With the election in the rear-view mirror there are an abundance of mixed emotions in the nation. However, one thing we all have in common, the desire to see the change that was preached throughout president-elect, Obama’s campaign. It was a hard fought battle by both candidates and each displayed commendable effort.
I think that there are a few lessons for marketers and consumers that should be extracted from the proceedings of the campaign and election. The topic of personal branding is currently at the forefront of our industry. Obama showed us all what its like to create a personal brand out of the most unlikely of scenarios. Many people thought they wouldn’t see a minority president in their lifetime, if even their children would see a minority president. We all probably thought it would be more likely to see Nader in the Whitehouse. Well, we proved ourselves wrong, and the progress our country made yesterday as a whole is a milestone in our history. It would not have been possible though if Obama hadn’t exercised the most impressive and tireless acts of personal branding seen to date. We’re talking of a man who not only motivated a record number of people to exercise their civic duty, but he defied the social ascriptions of racial limitation and gained the trust of a majority of Americans to lead our country. He achieved all of this through selling his brand to Americans. He gained support, gained contributions, gained trust, and generated motivation within segments of society that have yet to impact the outcome of our leadership until now. How often in the past have you seen countless you-tube videos supporting a candidate through an expression of pop-culture? Never. Have you ever seen candidate shirts in places like urban outfitters that say things like, “Barack and Roll?” This man motivated us to chose our destiny despite what we’ve heard about the lack of influence a single vote has. Yes, maybe a single vote plays a little role in the outcome of an election, but when you motivate an entire country of singles to act as a whole you get a dominant victory and defy all odds against minority leadership. Our country is going to be a different place from here on out and its thanks to a single man who knew the American people were better than even they thought.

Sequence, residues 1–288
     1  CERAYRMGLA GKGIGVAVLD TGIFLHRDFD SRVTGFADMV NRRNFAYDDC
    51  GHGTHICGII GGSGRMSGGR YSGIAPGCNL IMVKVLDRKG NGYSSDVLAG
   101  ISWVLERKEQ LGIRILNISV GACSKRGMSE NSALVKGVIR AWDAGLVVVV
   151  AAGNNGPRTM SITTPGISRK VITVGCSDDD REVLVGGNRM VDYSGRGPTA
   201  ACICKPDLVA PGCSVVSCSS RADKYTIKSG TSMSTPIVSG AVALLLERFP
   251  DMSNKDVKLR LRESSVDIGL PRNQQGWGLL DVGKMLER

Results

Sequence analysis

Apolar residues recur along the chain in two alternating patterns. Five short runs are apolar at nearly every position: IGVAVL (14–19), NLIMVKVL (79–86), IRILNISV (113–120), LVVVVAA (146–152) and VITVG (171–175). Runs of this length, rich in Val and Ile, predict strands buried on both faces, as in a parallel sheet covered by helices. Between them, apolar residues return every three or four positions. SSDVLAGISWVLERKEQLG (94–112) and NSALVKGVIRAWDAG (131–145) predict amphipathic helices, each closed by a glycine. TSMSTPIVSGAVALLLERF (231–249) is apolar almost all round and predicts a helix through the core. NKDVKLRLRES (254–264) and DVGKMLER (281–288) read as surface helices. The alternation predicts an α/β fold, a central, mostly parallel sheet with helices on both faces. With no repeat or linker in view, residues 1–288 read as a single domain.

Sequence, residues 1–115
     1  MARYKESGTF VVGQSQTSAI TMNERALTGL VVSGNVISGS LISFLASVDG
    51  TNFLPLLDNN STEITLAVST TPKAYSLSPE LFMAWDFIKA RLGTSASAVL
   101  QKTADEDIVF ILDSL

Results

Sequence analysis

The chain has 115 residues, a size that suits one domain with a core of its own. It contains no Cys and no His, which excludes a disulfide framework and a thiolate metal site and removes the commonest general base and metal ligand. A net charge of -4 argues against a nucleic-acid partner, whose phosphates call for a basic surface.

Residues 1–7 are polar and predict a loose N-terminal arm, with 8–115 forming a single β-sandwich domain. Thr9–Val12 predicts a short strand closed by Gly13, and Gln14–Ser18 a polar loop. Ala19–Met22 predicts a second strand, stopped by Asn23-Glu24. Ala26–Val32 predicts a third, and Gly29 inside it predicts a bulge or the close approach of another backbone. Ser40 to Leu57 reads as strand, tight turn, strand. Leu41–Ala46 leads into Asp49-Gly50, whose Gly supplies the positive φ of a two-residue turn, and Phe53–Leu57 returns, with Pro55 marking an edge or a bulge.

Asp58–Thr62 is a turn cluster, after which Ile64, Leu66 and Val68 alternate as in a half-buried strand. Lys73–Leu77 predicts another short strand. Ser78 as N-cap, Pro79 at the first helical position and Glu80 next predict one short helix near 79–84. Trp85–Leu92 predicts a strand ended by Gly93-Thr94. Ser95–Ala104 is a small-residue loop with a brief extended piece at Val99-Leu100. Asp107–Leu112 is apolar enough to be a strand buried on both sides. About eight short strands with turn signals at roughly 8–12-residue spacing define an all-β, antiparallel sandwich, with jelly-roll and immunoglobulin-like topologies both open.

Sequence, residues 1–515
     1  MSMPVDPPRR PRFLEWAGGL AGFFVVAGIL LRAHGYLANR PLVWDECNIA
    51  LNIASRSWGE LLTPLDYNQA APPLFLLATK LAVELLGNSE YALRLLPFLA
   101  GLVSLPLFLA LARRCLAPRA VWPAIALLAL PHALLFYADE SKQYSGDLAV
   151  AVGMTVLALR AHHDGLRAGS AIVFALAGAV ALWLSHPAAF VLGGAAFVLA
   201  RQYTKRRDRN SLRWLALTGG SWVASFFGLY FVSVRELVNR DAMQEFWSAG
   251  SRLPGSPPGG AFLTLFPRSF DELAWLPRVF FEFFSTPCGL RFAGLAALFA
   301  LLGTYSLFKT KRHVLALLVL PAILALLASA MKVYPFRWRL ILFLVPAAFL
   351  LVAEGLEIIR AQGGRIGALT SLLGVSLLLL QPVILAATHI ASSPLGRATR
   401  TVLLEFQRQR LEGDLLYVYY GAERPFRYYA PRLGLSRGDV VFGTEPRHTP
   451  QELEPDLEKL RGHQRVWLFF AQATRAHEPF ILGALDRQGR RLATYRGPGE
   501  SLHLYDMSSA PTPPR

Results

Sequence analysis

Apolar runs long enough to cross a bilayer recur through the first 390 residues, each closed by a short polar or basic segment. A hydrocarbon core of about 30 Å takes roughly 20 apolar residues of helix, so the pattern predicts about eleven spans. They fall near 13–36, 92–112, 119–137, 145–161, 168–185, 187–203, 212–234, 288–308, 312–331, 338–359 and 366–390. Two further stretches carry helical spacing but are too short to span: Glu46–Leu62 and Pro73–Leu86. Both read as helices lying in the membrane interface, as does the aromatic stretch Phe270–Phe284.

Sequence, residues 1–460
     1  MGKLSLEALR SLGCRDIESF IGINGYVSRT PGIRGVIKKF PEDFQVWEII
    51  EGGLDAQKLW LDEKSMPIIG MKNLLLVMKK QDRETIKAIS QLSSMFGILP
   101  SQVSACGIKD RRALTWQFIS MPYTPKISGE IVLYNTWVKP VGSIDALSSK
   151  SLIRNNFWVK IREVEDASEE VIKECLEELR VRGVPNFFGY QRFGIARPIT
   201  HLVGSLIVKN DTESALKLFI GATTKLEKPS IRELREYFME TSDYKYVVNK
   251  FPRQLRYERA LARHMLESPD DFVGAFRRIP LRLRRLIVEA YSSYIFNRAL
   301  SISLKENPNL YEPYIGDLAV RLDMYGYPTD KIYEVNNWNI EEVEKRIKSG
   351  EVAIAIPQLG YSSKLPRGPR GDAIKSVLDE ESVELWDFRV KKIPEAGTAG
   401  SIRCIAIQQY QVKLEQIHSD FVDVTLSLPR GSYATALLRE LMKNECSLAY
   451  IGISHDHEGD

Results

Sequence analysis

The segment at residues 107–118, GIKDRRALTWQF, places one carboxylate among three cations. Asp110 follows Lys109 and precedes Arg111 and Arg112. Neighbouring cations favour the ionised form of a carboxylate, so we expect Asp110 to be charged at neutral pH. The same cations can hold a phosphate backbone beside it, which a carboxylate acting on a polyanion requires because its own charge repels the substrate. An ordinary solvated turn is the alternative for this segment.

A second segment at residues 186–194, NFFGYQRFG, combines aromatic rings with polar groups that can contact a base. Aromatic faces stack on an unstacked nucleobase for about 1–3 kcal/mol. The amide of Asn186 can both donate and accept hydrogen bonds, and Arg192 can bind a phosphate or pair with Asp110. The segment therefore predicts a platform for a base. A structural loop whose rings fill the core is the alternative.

What do I take from this? Well, if you want to see how to motivate people, look at Barack. If you want to see how to gain support through common ideals, look at Barack. If you want advice on how to build a powerful brand, look at Barack. Eight years ago, maybe even four years ago, people would’ve thought that Barack selling himself to the American people would’ve been as likely as selling ice cream in hell, not because they were racist or disliked the man, but because they thought the country as a whole was not ready for that leap. He proved us wrong.
I also tie consumerism into this lesson we’ve learned yesterday and throughout the last twenty months. When we looked at our influence in terms of individual we lack power, but when we look at our influence in terms of contributing to a larger group we’re detrimental. If you’re passionate about something find the populous that shares your ideals and make something happen. If the populous doesn’t yet exist, lead and find your supporters. If you demand something of a brand, tell them, your influence will be heard. Take this effort for example, http://frontierfail.com/, a group of unsatisfied flyers that will be heard by the company. It doesn’t always have to be your displeasure, compliment a brand for doing the right thing or guide them in the right direction. If your looking for a brand to go more green, simply tell them with your group, or tribe, as Seth Godin would say. Our tools to increase our influence is literally at our finger tips.
Photo Cred: Bob Jagendorf